Clinical Notes : Infection and Sepsis

68. Invasive Group A Streptococcus


A Life threatening infection with group A streptococcus (GAS) in parts of the body where it is not usually found

  • muscle

  • blood

  • lungs

 Characterised by :

  • acute febrile illness

  • associated with

    • Streptococcal Toxic Shock Syndrome (STSS).and/or

    • Necrotising Fasciitis (NF)




In the ROI :

  • Up to 30% of the general population are asymptomatic carriers of GAS

  • GAS is spread by

    • Contact with secretions from the nose and throat of infected persons

      • Direct contact with large droplets is the major mode of transmission (kissing)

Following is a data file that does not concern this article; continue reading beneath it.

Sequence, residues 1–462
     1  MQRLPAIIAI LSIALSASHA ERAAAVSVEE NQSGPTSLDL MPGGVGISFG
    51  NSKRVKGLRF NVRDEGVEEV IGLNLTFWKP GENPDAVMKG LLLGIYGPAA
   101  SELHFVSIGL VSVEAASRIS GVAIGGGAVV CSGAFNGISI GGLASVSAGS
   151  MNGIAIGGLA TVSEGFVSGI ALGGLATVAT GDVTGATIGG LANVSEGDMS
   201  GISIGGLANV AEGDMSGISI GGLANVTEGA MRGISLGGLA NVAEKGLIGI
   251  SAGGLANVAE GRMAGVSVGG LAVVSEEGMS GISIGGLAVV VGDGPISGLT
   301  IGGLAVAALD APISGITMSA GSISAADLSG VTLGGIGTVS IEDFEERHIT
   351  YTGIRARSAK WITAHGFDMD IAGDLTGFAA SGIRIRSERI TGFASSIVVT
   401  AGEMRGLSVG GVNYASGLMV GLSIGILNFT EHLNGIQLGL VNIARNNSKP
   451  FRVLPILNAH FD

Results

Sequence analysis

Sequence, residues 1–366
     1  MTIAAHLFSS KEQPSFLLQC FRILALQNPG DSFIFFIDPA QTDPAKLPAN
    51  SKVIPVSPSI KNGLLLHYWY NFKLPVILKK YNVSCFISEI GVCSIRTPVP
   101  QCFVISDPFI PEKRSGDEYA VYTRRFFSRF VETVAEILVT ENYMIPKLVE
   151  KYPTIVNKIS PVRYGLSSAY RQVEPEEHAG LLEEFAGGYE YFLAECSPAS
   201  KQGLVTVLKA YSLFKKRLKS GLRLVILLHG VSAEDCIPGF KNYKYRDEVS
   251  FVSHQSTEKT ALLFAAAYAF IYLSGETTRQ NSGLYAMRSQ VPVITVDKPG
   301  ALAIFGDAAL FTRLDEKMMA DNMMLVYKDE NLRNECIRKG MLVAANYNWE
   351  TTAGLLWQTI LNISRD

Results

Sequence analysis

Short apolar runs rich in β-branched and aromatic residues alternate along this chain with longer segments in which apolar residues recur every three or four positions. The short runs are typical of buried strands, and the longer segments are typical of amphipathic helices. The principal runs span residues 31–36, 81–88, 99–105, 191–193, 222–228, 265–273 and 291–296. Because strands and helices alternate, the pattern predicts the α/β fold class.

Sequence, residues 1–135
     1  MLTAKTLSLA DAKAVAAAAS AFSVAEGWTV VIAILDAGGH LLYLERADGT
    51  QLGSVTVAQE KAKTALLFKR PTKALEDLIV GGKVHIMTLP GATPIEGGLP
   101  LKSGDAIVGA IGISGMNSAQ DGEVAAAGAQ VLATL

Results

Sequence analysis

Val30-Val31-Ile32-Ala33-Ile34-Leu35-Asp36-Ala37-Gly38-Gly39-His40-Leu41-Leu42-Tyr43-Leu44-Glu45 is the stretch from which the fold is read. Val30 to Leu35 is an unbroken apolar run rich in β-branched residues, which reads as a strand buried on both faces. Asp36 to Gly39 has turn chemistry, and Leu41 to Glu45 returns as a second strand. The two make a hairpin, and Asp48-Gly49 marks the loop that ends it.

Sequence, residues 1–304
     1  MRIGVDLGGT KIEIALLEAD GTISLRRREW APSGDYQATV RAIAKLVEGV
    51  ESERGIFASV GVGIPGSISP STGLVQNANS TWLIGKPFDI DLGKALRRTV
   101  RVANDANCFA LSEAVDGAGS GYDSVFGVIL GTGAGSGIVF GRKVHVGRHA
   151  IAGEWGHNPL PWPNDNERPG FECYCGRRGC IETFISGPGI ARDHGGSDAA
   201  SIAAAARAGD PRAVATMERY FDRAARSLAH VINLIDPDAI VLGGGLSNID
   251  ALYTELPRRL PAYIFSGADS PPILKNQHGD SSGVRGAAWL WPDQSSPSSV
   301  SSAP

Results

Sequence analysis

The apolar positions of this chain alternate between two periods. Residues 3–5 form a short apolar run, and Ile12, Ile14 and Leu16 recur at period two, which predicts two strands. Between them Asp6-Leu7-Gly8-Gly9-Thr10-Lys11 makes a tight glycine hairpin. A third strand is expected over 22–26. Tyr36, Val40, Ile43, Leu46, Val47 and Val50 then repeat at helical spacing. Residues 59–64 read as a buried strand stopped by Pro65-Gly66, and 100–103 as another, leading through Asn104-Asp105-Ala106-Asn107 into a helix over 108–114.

• Airborne spread has also been suggested (sneezing)

    • Contact with infected wounds or skin lesions (skin contact)


  • Incidence of iGAS is rising

    • 85% of iGAS is thought to occur sporadically in the community

    • 10% in hospital patients

    • 4% in residents of long-term care facilities

    • 1% occur after close contact with a GAS case


  • Affects all ages

    • Highest in over 75’s

    • Lowest in 10-14 years old

    • 16% of all IGAS in under 10 year old


Increased risk in :

  • Extremes of age: young children, adults > 65 years

  • Skin trauma

  • Young adults exposed to children

  • Immunocompromised patients (e.g. underlying malignancy, HIV infection and high-dose steroid use)

  • Diabetes mellitus

  • Underlying heart or chronic lung disease

  • Alcohol abuse

  • Intravenous drug users

  • Pregnant women

  • Concomitant varicella infection